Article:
Analysis of Cation Composition in Dolomites on the Intact Particles Sampled from Asteroid Ryugu
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Characterization of the elemental distribution of samples with rough surfaces has been strongly desired for the analysis of various natural and artificial materials. Particularly for pristine and rare analytes with micrometer sizes embedded on specimen surfaces, non-invasive and matrix effect-free analysis is required without surface polishing treatment. To satisfy these requirements, we proposed a new method employing the sequential combination of two imaging modalities, i.e., microenergy-dispersive X-ray fluorescence (micro-XRF) and Raman micro-spectroscopy. The applicability of the developed method is tested by the quantitative analysis of cation composition in micrometer-sized carbonate grains on the surfaces of intact particles sampled directly from the asteroid Ryugu. The first step of micro-XRF imaging enabled a quick search for the sparsely scattered and micrometer-sized carbonates by the codistributions of Ca2+ and Mn2+ on the Mg2+- and Fe2+-rich phyllosilicate matrix. The following step of Raman micro-spectroscopy probed the carbonate grains and analyzed their cation composition (Ca2+, Mg2+, and Fe2+ + Mn2+) in a matrix effect-free manner via the systematic Raman shifts of the lattice modes. The carbonates were basically assigned to ferroan dolomite bearing a considerable amount of Fe2+ + Mn2+ at around 10 atom %. These results are in good accordance with the assignments reported by scanning electron microscopy-energy-dispersive X-ray spectroscopy, where the thin-sectioned and surface-polished Ryugu particles were applicable. The proposed method requires neither sectioning nor surface polishing; hence, it can be applied to the remote sensing apparatus on spacecrafts and planetary rovers. Furthermore, the non-invasive and matrix effect-free characterization will provide a reliable analytical tool for quantitative analysis of the elemental distribution on the samples with surface roughness and chemical heterogeneity at a micrometer scale, such as art paintings, traditional crafts with decorated shapes, as well as sands and rocks with complex morphologies in nature.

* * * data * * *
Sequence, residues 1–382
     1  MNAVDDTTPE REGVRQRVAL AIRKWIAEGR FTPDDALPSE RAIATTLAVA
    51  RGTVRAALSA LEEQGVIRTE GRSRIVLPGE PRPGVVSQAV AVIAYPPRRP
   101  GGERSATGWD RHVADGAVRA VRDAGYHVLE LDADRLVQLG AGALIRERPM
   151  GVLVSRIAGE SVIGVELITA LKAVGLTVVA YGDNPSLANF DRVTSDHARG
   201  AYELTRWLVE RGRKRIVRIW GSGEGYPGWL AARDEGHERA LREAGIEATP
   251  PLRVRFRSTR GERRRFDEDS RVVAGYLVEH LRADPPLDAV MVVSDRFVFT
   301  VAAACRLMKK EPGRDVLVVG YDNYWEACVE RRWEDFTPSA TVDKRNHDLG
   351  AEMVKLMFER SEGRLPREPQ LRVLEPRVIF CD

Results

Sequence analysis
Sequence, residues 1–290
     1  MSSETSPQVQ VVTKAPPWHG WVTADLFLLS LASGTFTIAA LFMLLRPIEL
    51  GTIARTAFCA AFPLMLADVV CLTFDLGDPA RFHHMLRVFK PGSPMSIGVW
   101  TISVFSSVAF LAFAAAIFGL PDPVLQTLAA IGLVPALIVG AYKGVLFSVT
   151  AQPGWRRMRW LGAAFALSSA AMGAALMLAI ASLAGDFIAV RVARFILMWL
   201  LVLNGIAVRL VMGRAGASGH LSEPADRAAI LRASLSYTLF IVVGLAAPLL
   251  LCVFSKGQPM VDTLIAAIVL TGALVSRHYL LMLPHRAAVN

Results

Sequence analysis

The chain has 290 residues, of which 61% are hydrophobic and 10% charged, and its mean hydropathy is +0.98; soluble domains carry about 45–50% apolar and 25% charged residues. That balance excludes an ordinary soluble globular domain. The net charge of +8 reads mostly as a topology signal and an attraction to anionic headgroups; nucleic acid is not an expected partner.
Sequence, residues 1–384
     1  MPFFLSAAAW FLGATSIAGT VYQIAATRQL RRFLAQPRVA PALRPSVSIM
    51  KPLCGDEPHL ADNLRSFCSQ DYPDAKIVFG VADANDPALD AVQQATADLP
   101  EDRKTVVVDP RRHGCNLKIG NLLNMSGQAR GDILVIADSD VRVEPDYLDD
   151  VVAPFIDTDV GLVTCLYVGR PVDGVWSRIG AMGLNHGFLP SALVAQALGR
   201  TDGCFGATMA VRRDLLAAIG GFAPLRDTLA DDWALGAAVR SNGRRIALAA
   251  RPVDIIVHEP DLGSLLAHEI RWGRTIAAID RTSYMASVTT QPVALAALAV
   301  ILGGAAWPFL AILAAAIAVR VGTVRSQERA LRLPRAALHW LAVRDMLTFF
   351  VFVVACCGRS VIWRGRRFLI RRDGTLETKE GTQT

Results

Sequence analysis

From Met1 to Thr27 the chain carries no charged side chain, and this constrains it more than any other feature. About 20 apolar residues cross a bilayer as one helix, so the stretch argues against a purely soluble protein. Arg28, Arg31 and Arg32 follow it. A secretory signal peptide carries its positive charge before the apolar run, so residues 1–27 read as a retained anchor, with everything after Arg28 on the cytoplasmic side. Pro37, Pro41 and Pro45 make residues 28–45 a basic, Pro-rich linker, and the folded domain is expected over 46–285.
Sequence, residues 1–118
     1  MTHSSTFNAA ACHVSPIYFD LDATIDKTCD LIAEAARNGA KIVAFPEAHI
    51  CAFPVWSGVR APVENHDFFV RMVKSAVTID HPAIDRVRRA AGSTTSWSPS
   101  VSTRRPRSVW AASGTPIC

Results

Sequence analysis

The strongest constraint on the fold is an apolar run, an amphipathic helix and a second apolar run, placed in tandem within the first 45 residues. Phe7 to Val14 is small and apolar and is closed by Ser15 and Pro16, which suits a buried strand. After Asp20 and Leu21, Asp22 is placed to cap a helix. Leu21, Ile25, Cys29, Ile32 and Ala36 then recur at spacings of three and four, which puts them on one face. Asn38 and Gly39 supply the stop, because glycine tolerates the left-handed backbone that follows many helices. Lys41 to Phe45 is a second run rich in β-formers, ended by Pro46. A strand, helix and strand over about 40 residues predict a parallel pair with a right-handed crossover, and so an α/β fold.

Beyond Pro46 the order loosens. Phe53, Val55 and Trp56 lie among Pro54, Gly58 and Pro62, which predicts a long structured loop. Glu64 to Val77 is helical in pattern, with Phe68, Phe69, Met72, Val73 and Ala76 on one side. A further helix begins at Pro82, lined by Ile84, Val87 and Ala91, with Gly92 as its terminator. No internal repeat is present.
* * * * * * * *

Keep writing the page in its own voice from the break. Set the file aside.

|Published - 2024
© 2023 The Authors. Published by American Chemical Society.